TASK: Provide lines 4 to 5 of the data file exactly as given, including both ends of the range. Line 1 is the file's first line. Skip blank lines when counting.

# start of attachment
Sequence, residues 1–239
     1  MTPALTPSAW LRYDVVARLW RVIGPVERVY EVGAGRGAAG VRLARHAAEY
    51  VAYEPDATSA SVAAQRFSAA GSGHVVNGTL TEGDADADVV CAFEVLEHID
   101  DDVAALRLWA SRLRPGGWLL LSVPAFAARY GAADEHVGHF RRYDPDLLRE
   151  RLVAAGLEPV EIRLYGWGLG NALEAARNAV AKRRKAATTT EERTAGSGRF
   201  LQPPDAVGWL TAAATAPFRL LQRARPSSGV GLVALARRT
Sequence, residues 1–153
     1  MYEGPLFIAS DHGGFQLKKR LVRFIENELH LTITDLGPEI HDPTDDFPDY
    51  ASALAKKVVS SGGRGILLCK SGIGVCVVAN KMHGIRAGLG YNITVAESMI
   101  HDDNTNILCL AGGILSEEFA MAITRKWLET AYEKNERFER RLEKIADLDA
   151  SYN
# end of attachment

   101  DDVAALRLWA SRLRPGGWLL LSVPAFAARY GAADEHVGHF RRYDPDLLRE
   151  RLVAAGLEPV EIRLYGWGLG NALEAARNAV AKRRKAATTT EERTAGSGRF